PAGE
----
From Twin Cities Indymedia:
UPDATE 4pm: The office of the Anti-War Committee was also reportedly raided earlier today. See also: Search warrant for Mick Kelly’s residence and subpoena to Chicago grand jury (via TheUptake.org)
Press Conference: 4pm, 2911 Park Ave., Minneapolis
Community Meeting: 5:30pm, Walker Church, 3100 16th Ave S., Minneapolis
See also Fight Back News: Activists Denounce FBI Raids on Anti-War and Solidarity Activists’ Homes
The social justice community in Minneapolis continued to respond Friday afternoon to the raids of several of its members homes, which started before 7am this morning. (See previous TCIMC article–Minneapolis Houses Raided)
Since then, a dozen activists have been served with grand jury subpoenas, including many in Minneapolis, according to Fight Back News. It is believed the federal grand jury is centered in Chicago, and is investigating alleged ties to “foreign terrorist organizations”–a charge which activists have immediately dismissed as illegitimate and unjustified.
The Star Tribune reported earlier today that according to an FBI spokesperson, a total of six homes were raided in Minneapolis and two in Chicago. This statement is unconfirmed by activists, who have identified at least four of the homes in Minneapolis–one above Hard Times Cafe in Cedar-Riverside, one north of Powderhorn Park, one on Park Avenue near Lake Street and one in Stevens Square. Antiwar leaders have said that other members of the Freedom Road Socialist Organization were targeted with raids, surveillance and subpoenas in Michigan, North Carolina and potentially California.
Grand juries are a mechanism historically used to repress and gather information on unpopular social movements; no attorney or judge is present in a grand jury interrogation. Activists who defy grand juries risking imprisonment on civil or criminal contempt.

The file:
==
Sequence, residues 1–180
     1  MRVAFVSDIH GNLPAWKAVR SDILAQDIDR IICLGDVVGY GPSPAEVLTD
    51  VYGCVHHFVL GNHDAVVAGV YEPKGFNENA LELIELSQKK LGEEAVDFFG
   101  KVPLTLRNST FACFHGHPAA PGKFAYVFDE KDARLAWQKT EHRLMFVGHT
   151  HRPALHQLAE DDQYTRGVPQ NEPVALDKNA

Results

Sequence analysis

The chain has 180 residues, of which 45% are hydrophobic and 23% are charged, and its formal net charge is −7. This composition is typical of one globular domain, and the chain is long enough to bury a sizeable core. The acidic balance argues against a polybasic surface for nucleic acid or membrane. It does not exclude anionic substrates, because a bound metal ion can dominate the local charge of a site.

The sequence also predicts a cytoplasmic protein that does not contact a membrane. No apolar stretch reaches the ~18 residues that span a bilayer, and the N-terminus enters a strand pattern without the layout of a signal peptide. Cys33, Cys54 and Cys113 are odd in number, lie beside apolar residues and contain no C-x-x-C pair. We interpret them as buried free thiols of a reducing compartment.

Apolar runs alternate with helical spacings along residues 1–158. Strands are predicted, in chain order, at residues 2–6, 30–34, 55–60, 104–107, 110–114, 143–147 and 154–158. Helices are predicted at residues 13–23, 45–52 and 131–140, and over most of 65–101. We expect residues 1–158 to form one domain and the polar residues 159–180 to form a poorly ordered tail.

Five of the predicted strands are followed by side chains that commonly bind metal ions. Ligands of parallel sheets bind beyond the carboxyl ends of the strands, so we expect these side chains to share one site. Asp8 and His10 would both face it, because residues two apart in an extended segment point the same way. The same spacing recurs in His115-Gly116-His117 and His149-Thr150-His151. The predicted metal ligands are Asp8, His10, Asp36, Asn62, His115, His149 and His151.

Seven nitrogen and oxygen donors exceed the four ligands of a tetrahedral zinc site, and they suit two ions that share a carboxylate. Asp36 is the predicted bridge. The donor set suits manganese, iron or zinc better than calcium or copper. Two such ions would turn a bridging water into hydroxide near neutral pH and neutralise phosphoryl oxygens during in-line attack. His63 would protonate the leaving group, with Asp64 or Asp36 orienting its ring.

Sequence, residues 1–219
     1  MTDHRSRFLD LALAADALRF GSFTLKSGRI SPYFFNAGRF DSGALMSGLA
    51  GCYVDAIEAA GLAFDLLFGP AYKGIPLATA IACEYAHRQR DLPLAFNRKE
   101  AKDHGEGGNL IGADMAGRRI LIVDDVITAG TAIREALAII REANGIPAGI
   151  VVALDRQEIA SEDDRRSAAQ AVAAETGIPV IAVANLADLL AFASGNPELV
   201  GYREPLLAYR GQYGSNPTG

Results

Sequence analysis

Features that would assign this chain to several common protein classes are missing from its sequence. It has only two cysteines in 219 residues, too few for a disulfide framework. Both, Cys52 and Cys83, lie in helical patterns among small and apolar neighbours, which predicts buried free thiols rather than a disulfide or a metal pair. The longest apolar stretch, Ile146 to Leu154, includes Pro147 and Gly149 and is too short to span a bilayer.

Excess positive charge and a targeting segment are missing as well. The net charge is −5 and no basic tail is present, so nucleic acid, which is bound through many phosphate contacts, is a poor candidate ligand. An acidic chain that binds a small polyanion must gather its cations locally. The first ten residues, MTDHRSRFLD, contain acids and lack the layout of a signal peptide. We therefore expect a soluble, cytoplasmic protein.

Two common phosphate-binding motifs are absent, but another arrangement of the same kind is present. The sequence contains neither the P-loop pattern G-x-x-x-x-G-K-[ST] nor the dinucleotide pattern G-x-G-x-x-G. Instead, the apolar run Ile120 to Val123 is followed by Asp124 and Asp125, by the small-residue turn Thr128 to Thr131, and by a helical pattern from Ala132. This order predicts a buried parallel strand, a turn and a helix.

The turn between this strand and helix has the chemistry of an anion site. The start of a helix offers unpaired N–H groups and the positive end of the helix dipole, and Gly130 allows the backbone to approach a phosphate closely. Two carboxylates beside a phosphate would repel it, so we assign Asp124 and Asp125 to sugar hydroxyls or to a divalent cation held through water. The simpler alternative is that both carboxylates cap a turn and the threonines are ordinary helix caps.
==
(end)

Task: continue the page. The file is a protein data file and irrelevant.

Outside the raid above Hard Times Cafe, one person at the cafe as the raid began said that he saw about a dozen FBI agents, some with large guns, outside. Conflicting reports from the other raids indicate that agents attempted to keep their presence low-key, without large marked vehicles or heavily armed SWAT teams–although Jess Sundin told the AP that a SWAT team entered her house first, then left to be replaced by other agents. But outside Hard Times Cafe, a number of the unmarked vehicles included at least one with an “official business” sign from the ATF (Bureau of Alcohol, Tobacco and Firearms) in addition to the FBI.
The mood outside the cafe and apartment was one of defiance, with activists and supporters vowing solidarity in the face of repression. Early in the afternoon, agents began to remove boxes with unknown contents from the apartment, and eventually departed. The search warrant for 1823 Riverside called for search and seizure of such a laundry list of items, including electronic equipment, documents, financial records, literature, and more, that “it might have well just said ‘everything’,” someone remarked after seeing a copy.
The Uptake, in addition to almost every local corporate news outlet, was present at two of the raids in the morning and posted a short video report on their site. (Photo credit above)
No immediate information was available Friday afternoon about the raids in Chicago. The FBI spokesman, however, said that like in the Minneapolis raids, there were no arrests. He added to the AP in Chicago that there was no “imminent threat to the community” – raising the question of how anyone could be suspected of terrorist ties without an imminent danger.
The answer, of course, lies in the increasing trend of the state in using “terrorism” charges to justify repression against activists, lately in Minnesota through the Green Scare, the RNC 8, and as many have predicted might happen, now against antiwar activists as well.